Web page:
The Basics of Xanax AddictionJan 7th, 2012 | By Dr. Jeffrey Huttman Ph.D. | Category: Addiction Treatment, Prescription Drug Abuse rehab, Substance Abuse treatment
Xanax, the brand name for alprazolam, is one of a group of medications in the benzodiazepine (“benzo”) drug class. It is a habit-forming drug, and addiction is possible after 2 weeks and especially for those who take it for non-medical reasons.
As a short-acting benzodiazepine, Xanax is often taken at frequent intervals to compensate for this short half-life. Some common street names for Xanax include: Footballs, Bars, School, sticks, skateboards and Peaches.
Xanax is prescribed to those who need treatment for panic attacks and possibly agoraphobia, a fear of leaving home or being around other people in open places. It produces a calm and relaxed feeling, as if the brain has slowed down. Despite the ease of addiction, many who take Xanax do so for long periods of time, despite warnings and usually increasing the dosage over time.
Once the body adjusts to a certain dosage, the relaxation and other feelings are lessened, causing many abusers to take more and more over time in order to keep up with the effects. Put simpy, benzos such as Xanax are no longer effective after a few weeks or months of regular and increasing use.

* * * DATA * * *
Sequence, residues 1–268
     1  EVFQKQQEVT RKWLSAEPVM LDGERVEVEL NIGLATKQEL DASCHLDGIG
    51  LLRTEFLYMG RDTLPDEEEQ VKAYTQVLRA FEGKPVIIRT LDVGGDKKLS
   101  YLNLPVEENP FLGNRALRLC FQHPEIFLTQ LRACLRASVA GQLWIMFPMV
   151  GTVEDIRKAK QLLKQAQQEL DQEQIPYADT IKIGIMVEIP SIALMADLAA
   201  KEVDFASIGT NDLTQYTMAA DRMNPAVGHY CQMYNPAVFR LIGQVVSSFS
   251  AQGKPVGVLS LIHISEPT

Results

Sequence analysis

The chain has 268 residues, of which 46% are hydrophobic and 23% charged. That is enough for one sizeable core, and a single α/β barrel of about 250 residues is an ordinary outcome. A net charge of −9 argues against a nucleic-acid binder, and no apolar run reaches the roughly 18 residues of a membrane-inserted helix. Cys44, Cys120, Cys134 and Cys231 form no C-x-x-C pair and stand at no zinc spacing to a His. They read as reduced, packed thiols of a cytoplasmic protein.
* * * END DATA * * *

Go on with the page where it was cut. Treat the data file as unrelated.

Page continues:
Over time, the body builds a tolerance to a medication like Xanax and when taken beyond two weeks, Xanax withdrawal symptoms are usually reported when use is done. Eventually, in what can only be described as a vicious cycle, Xanax causes little or no effect as far as the “calm high” of early use, and continued abuse is carried out more to avoid withdrawal symptoms than anything else.
Xanax Withdrawal Symptoms
As mentioned above, Xanax is a powerful drug that, when abruptly quit, can cause serious and potentially life-threatening health issues, from risk of seizures to respiratory depression (especially when taken in combination with alcohol).
Long-term use of benzodiazepines such as Xanax can lead to a variety of physical and mental issues, from memory loss to depression to anxiety. Withdrawal is not something to be undertaken without proper medical supervision; withdrawal effects of Xanax can include: hallucinations, seizures and bizarre delusions and visions. Those who do manage to successfully withdraw from drugs such as Xanax report brighter colors, better mood and a clearer mind.